"Don't worry about it," Nina replied, pulling herself closer to him, and before Vikram could say anything else, she kissed him.

Vikram was worried that her mother and aunt could walk upon them any second, but after a few seconds of Nina's lips passionately pressing against his, he gave up.

Nina was now nibbling his ear. She went down his neck on his left and—

Vikram felt an intense wave of pain spreading through his body from two fresh wounds on his neck.

Chapter Three — Worth Every Trouble

Vikram tried to scream, but no sound came out. He was out of breath. He tried to stand up, but he couldn't move his muscles. Nina then let go of his neck, and Vikram saw her face. She had been completely transformed. She was staring at Vikram with her red eyes with elliptical pupils and was flickering her forked tongue. Vikram felt a wave of terror travel through his body; that was the last thing he endured because his whole body went numb. Nina saw it and smiled. She knew that her prey wasn't going anywhere now. She turned her head towards the kitchen and hissed. Her mother and her aunt came flickering their tongues. One of them, Vikram couldn't see which one, pushed a needle in his vein. He saw blood running out of his body through a tube with the corner of his eye. He didn't feel anything and certainly couldn't do anything to stop it. He was just praying that someone would come and save him, but there was nobody to save him. He soon started to lose consciousness.

"It's almost done, sweetheart," Nina began. "I know you must be wondering what is happening right now. Perhaps, you should have listened to your friend."

Vikram couldn’t see anything. Darkness had filled his vision and his mind. He could only hear Nina's voice which felt as if it was coming from afar. She was laughing.

"Oh, it's been a long time since we had a good meal. I mean, those malnutritioned homeless scums had barely any blood in their bodies. We had to take extra care with your case. That damned phone of yours could have gotten us in trouble. I had to make sure you could never bring that thing here. I had to lose my favourite handbag for it, but it was worth it."

The remaining blood and life drained out of Vikram's body soon enough. The last thing he could think of was Ahmed. He hoped with his dying breath that maybe Ahmed would figure it out somehow. He would do something, but Ahmed had no clue.

That night when Ahmed returned to his room, Vikram still hadn't come back. He thought that maybe Vikram was staying at Nina's. The following morning, Ahmed tried calling him. He found out that Vikram had left his phone there, in Nina's handbag. Ahmed waited all day for him to return. When night approached, he started getting worried, and by Monday morning, when he was sitting in the police station, he realized that he might never see his friend again. The police couldn't find him. They tried looking for a girl named Nina, but they couldn't find anyone. They also tried tracing Vikram's location history by his phone, but the phone had never been to Nina's place. The case turned cold, just like all the other cases of disappearances. The police weren't even convinced that anything dreadful had happened to Vikram. Who was to say that he hadn't just left everything behind and went on to start a new life? After all, he wouldn't be the first orphan to do so.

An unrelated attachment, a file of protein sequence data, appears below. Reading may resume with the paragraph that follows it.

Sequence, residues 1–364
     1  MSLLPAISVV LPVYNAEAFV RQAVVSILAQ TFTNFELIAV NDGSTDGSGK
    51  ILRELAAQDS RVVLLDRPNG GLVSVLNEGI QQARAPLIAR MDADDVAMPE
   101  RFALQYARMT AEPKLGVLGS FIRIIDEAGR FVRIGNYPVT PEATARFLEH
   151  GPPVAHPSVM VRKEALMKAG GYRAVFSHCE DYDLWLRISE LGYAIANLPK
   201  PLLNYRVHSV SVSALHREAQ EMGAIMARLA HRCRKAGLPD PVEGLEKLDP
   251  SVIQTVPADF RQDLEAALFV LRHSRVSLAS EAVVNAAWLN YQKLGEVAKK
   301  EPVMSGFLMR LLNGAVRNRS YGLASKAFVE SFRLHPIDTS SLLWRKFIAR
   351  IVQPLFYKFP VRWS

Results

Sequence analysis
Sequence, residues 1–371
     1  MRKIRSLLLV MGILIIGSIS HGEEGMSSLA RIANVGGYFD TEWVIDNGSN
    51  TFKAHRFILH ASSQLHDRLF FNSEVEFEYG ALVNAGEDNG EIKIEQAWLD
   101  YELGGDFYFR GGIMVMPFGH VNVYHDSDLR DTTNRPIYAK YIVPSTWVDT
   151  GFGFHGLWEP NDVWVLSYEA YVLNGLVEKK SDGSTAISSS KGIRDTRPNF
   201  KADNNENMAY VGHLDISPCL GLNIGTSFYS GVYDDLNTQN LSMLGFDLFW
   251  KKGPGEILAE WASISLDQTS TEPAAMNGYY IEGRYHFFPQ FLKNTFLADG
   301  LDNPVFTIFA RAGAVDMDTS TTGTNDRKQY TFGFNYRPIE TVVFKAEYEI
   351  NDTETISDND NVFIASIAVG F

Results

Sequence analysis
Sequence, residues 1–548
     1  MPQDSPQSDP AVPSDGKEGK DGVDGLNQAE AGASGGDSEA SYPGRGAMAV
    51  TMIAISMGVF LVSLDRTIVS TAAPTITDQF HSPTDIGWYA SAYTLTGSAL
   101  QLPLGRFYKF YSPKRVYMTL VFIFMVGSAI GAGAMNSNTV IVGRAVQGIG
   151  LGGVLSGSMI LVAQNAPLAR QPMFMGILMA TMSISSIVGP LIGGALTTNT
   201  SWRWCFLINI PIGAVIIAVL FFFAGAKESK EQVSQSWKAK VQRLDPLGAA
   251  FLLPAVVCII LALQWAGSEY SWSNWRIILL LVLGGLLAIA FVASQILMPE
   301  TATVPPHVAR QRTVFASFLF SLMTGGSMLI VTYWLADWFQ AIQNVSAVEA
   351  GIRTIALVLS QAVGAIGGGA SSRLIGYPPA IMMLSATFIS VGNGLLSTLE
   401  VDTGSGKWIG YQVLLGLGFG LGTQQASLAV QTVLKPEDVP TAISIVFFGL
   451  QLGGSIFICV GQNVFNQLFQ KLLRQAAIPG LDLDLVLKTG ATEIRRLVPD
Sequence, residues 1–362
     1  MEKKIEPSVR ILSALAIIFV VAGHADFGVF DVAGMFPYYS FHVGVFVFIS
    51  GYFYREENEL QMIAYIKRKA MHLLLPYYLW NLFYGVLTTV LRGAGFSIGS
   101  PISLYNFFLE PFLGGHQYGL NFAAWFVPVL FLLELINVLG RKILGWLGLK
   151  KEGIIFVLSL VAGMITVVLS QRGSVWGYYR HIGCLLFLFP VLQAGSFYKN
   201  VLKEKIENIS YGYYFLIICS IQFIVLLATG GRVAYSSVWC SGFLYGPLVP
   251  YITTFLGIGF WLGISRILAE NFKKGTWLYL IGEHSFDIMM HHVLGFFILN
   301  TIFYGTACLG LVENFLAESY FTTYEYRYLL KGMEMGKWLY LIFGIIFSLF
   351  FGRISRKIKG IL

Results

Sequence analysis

Ahmed didn't go home for the holidays; he spent his days and nights scrutinizing the riverside. He couldn't sleep or eat. All he could think about was that if he had just been a little cautious and had just paid attention, he could've saved his friend. It was all his mistake. He wanted him to get away so he could play the little game of investigation, his fantasy. He was now sure that there weren't any vampires in the city. How could he think something crazy like that? He knew that his best friend must've fallen prey to the foul ways of the crime world. There was nothing he could do about it.

One night, the van appeared again. It halted on the bridge, and the hooded figure stepped out. It went to the back and tried to drag something out of the trunk. Another hooded figure joined in to help. They put the dead body of Vikram on the railing, covered in heavy-duty plastic. During the hassle, the hood of one of the figures slipped, and the faint moonlight fell upon Nina's face. She pulled the hood back right after she flipped the dead body over the railing. The engine came alive as soon as she stepped into the van. Before anyone could've seen anything, the van disappeared, again.

After about two weeks, Ahmed was finally going home. There were still a few days left for their festival Eid, and his parents had kept on insisting. He agreed to go just because he didn't want to be alone. He was just wandering by the riverside. He was leaving the next day, but he couldn't stop himself from coming here one last time. He was just rambling when he spotted something in the pile of garbage. He jumped at it. He was now literally rolling in the mud, but he didn't care. The thing was stuck in the wet ground. Ahmed dug around it and pulled it out, and when he realized what it was, he started crying. Tears streamed from his eyes; the pain was unbearable. He was wailing like a wounded animal. He picked it up in his mud-covered hands and kept looking at it with his tears filled eyes.

It was a blue sneaker.